Pumpkin Bread

November 11, 2015
Pumpkin Bread

Like chocolate zucchini bread, pumpkin bread is a baked good that I love more than I really should.  The typical recipe calls for two cups of sugar and a cup of oil, which is fine if you are a paragon of self-control who is satisfied by a modest slice.  But since I am liable to eat half a loaf in one sitting, I need a pumpkin bread recipe that is delicious without being heavily reliant on sugar and fat.

There are lots lower-sugar pumpkin bread recipes floating around various blogs, but it wasn't clear to me what the rational was behind various substitutions.  Sugar provides moisture and texture to baked goods in addition to sweetness, and I feared that I would end up with a desiccated lump instead of a loaf of bread.  I also wasn't sure what to do about the oil--many sources recommend substituting unsweetened applesauce, but past experience with applesauce-for-oil baked goods left me less than impressed. 

After perusing the recommendations in this comment thread on the Kitchn, I decided to try reducing the sugar by one-third.  Additionally, I used brown sugar instead of white at the suggestion of a Harvard School of Public Health article about muffins--since brown sugar has a more complex flavor, it provides more perceived sweetness than white sugar.  Since I wasn't keen on applesauce, I opted to use Greek yogurt in lieu of oil, basing my calculations on Stonyfield's substitution guide.  

I used the Betty Crocker pumpkin bread recipe as a template: the original 1 2/3 cups white sugar became 1 cup brown sugar (I reduced the sugar slightly more than one-third for measuring simplicity), and the original 2/3 cup oil became 1/2 cup Greek yogurt.  I also added allspice and ginger for a more nuanced spice profile.  Then I poured my batter into pans, put them in the oven, and crossed my fingers.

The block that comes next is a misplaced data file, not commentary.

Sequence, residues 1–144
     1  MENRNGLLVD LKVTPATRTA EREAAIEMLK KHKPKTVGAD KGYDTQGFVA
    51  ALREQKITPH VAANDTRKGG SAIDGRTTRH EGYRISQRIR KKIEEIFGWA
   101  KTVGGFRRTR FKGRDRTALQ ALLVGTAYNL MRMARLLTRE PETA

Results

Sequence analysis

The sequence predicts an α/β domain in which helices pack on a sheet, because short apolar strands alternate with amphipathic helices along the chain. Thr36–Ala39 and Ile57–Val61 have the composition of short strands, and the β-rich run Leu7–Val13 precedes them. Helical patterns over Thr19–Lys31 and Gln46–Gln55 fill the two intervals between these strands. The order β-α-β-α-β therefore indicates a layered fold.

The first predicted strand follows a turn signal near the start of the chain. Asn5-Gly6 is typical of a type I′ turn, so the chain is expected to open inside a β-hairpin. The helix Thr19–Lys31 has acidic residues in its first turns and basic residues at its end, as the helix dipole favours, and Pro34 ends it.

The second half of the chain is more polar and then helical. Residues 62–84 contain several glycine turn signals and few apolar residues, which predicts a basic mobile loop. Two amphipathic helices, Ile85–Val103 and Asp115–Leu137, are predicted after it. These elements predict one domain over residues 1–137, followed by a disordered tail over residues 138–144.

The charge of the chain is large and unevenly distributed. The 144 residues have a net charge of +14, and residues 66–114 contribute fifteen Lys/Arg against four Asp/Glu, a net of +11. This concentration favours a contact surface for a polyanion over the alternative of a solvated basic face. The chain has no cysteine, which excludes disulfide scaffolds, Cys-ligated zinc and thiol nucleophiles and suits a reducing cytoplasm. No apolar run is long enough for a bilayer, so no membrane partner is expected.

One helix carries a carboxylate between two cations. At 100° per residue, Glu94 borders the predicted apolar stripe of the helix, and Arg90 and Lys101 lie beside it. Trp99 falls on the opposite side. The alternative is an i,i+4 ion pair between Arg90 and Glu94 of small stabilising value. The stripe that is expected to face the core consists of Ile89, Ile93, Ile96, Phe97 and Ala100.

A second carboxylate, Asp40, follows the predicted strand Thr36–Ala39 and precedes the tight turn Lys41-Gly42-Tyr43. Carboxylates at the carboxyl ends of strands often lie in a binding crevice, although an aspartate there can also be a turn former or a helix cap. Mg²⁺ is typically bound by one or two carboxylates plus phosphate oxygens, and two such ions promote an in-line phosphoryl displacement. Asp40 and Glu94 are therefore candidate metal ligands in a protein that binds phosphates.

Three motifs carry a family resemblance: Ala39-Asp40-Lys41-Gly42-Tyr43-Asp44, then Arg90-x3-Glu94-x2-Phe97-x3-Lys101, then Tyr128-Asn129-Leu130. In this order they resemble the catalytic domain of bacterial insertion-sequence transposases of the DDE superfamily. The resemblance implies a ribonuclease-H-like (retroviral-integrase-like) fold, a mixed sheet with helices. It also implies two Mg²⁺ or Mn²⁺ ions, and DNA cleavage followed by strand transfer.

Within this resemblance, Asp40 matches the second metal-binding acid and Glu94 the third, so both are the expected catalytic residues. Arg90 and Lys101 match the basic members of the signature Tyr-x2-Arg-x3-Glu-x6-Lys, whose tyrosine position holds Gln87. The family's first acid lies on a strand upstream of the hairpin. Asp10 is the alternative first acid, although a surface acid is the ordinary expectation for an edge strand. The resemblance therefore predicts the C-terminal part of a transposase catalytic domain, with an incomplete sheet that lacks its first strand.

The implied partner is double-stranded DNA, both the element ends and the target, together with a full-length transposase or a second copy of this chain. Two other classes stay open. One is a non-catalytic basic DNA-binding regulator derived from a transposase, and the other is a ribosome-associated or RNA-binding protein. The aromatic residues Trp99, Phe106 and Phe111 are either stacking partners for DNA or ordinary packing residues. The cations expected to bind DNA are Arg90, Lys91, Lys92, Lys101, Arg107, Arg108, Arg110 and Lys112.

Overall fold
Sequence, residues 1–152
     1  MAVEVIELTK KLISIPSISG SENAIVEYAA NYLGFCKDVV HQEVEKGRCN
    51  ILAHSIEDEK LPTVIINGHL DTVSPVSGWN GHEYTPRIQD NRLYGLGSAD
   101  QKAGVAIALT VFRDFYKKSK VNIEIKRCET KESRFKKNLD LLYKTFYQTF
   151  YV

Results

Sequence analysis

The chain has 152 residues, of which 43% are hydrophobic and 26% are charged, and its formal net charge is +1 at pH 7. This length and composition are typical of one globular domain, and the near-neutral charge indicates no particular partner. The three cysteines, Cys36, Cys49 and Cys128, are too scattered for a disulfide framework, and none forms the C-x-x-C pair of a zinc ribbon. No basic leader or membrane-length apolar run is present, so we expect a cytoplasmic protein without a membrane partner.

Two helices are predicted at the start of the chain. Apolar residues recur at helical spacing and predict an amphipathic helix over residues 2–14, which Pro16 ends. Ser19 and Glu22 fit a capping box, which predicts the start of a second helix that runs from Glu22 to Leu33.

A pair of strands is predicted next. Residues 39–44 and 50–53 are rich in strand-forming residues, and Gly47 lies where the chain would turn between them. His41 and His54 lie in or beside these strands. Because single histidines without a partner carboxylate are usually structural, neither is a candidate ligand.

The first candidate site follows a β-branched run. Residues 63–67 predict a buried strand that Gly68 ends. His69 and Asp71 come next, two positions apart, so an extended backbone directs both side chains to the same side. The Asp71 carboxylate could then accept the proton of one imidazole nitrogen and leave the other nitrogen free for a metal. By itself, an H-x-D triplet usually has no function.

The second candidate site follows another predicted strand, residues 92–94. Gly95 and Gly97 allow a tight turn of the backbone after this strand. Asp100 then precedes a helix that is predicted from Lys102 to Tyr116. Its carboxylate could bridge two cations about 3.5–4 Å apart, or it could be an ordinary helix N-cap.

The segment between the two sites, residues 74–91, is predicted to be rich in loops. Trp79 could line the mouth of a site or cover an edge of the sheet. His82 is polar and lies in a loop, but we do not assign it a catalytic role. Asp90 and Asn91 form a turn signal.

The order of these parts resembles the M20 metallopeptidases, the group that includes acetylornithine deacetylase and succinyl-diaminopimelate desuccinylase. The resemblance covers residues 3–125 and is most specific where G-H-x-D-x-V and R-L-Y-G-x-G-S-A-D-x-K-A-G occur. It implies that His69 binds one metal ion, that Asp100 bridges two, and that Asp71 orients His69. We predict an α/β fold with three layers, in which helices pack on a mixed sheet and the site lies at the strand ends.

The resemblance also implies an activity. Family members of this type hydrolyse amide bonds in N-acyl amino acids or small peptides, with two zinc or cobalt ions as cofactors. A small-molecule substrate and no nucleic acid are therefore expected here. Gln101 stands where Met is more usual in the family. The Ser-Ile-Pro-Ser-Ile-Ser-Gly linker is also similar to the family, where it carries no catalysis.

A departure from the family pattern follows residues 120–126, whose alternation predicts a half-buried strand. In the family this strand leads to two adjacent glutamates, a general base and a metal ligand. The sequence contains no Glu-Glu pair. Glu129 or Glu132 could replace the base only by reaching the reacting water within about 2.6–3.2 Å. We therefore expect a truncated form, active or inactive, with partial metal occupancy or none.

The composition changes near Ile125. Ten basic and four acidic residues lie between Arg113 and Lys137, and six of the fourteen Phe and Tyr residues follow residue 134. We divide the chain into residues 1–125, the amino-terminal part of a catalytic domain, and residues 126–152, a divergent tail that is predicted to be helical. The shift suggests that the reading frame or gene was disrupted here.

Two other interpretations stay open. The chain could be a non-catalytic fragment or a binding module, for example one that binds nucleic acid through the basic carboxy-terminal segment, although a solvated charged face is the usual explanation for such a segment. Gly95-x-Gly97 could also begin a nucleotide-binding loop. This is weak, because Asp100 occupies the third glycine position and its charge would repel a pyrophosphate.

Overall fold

Pumpkin Bread

Spoiler alert: the resulting loaves were delicious.  The texture is a slightly different than you may be accustomed to--the crumb is a bit looser instead of dense and cake-like.  I've debated with myself for a few days about what to call this recipe--Light Pumpkin Bread? Low-Sugar Pumpkin Bread? Better-for-You Pumpkin Bread?  But what my version tastes like is a true pumpkin bread: the focus is on the actual pumpkin and spices instead of sugar.  It's not a paler, healthier imitation; it's the real deal.   


Pumpkin Bread Ingredients
  • 15-ounce can pumpkin (1 3/4 cups)
  • 1 cup packed brown sugar
  • 1/2 cup nonfat plain Greek yogurt
  • 2 teaspoons vanilla
  • 4 eggs
  • 3 cups all-purpose flour
  • 2 teaspoons baking soda
  • 1 teaspoon salt
  • 1 teaspoon cinnamon
  • 1/2 teaspoon cloves
  • 1/2 teaspoon allspice
  • 1/2 teaspoon ginger
  • 1/2 teaspoon baking powder

Preheat oven to 350 degrees Fahrenheit.

Grease the short ends of two 8 inch x 4 inch loaf pans.  Line the sides and bottom of pans with a sheet of wax paper, leaving a few inches of extra wax paper on each side so that the bread can be easily lifted from the pans.

In a large bowl, mix the pumpkin, sugar, yogurt, vanilla, and eggs until smooth.  Add the remaining ingredients and mix just until smooth.

Pumpking Bread Batter

Pour the batter into the prepared pans.

Pumpkin Bread Before Baking

Bake for 45-50 minutes, or until a cake tester or toothpick inserted into the middle of the loaves comes out clean.

Place loaves in pan on a wire rack to cool for 10 minutes.  Holding both sides of the wax paper, remove loaves from pans, gently loosening the ends with a spatula if needed.  Place loaves on wire rack to cool completely.  Peel wax paper from cooled loaves, tightly wrap, and store in refrigerator.

Pumpkin Bread